Securities fraud is a crime in which laws set to protect investors and
securities traders are violated. Perpetrators of securities fraud may include
stockbrokers, analysts, brokerage firms, corporations, investment banks, and
private investors. For example, an analyst at a brokerage firm may give a stock
a favorable rating in order to secure the company's investment banking
business, despite knowing that the stock is not a smart buy for investors. In
another example, a private investor may commit securities fraud by acting on
Securities fraud is a serious offense that can carry both civil and criminal
punishments. Criminal investigations can lead to imprisonment; in fact, the
government has expressed a strong interest in increasing the length of
sentences for securities fraud to ten years. In addition, the Securities and
Exchange Commission (SEC) and National Association of Securities Dealers (NASD)
may investigate and impose civil fines against corporations or individuals
suspected of securities fraud. The SEC acts to regulate against securities
fraud by enforcing investment acts and laws..
Who Can Commit Securities Fraud?
Individuals and businesses can commit securities fraud. Lawyers can
represent the party or parties who have been charged with securities fraud.
- Brokers-dealers (misleading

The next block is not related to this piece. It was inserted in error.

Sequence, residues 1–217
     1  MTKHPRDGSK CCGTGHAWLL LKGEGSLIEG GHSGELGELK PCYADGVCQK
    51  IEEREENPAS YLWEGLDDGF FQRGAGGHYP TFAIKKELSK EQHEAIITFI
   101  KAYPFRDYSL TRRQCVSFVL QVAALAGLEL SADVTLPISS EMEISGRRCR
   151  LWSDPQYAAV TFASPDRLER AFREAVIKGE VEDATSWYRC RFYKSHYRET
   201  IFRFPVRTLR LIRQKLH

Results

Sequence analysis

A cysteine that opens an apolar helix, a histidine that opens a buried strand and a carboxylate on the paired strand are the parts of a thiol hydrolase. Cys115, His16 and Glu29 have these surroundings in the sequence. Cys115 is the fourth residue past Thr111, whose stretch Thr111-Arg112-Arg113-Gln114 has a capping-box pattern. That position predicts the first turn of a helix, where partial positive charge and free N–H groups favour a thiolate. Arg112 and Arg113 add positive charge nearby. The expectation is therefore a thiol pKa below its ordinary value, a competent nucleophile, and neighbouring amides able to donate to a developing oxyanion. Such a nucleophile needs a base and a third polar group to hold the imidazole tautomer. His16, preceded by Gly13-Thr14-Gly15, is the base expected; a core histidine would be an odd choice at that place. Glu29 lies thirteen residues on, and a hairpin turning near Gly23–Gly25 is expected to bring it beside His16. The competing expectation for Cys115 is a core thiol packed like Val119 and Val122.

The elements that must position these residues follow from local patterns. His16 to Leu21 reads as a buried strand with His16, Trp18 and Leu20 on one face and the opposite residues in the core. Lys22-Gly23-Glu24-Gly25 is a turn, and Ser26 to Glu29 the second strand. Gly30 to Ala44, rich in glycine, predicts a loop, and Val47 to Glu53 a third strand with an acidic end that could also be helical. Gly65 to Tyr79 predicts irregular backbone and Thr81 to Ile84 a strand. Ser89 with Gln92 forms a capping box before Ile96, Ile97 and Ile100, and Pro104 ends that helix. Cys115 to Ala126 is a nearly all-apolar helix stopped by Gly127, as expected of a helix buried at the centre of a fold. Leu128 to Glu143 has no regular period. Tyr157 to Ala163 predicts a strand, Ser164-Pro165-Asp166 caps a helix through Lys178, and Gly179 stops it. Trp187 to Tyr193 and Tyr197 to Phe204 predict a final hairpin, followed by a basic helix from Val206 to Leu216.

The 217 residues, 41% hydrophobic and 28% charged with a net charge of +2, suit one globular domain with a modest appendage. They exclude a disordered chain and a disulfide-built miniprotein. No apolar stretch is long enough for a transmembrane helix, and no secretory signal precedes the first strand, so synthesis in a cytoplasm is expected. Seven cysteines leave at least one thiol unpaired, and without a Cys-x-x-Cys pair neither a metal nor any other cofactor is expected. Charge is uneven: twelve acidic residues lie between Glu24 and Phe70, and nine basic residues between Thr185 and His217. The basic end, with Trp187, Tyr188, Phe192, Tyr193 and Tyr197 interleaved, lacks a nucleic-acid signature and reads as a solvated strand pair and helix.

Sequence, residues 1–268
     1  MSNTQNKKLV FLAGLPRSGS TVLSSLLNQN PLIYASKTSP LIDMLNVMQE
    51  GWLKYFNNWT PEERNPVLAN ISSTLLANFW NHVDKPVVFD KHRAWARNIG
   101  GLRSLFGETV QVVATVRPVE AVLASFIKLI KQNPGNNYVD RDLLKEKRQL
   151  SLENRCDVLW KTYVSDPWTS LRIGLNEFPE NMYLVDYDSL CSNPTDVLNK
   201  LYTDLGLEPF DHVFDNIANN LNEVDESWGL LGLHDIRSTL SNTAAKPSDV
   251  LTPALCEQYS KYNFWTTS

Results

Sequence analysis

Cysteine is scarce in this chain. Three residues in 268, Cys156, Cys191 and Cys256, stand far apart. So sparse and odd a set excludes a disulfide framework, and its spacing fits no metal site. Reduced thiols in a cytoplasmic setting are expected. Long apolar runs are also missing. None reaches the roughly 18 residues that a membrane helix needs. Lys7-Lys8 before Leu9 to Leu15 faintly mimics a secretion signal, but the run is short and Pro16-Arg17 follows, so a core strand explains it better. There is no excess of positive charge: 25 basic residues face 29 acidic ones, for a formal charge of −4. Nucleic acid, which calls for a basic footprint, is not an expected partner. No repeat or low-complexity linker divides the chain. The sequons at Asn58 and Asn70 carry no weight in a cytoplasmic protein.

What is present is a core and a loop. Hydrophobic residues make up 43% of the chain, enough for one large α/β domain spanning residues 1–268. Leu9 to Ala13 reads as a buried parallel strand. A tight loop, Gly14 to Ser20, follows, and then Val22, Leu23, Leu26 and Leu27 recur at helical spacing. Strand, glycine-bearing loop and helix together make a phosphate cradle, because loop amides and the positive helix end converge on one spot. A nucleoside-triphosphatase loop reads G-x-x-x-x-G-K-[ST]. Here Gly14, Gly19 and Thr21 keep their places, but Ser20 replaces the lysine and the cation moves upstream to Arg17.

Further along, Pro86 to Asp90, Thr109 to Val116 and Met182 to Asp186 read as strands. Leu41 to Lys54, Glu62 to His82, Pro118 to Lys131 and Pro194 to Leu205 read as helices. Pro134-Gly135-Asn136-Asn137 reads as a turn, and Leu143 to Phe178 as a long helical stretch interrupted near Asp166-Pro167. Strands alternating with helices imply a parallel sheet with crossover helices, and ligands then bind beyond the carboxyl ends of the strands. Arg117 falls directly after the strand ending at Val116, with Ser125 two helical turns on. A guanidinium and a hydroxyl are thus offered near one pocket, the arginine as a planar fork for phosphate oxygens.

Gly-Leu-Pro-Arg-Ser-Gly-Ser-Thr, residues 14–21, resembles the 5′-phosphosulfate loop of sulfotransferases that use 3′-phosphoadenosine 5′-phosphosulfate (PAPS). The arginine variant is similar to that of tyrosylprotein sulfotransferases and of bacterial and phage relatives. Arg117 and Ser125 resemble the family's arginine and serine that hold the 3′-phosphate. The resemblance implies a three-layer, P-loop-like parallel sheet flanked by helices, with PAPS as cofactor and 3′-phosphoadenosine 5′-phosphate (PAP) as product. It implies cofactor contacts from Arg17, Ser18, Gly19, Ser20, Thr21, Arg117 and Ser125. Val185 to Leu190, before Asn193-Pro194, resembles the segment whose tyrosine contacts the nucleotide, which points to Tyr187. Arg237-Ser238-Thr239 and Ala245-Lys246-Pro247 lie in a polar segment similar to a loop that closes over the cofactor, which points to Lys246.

clients or advising based on inside information)
- Financial advisors or
analysts (purposefully offering poor advice or inside information)
- Corporations (hiding or
- Private investors (acting on
Types of Securities Fraud
The most common forms of securities fraud that the SEC regulates against
- Insider trading (trading
based on information that is not available to the public)
- Accounting fraud (keeping inaccurate
books or presenting false information purposefully)
- Misrepresentation (presenting
misleading or untrue information about a company, or its securities, to an
investor or the public)
Shareholder fraud occurs when a company conceals its debts or beefs up its
earnings reports in order to mislead investors and stockholders. Shareholder
fraud can cost people their retirement funds or life savings. A few prominent
examples of companies that have been accused of shareholder fraud include:
Enron, Tyco, WorldCom, and Adelphia.
Investment and brokerage houses commit fraud when they offer false or
deceptive information to their investors in an effort to manipulate the market.
The SEC has set business standards for broker-dealers to follow in order to
advise investors well, and handle the flow of inside information fairly.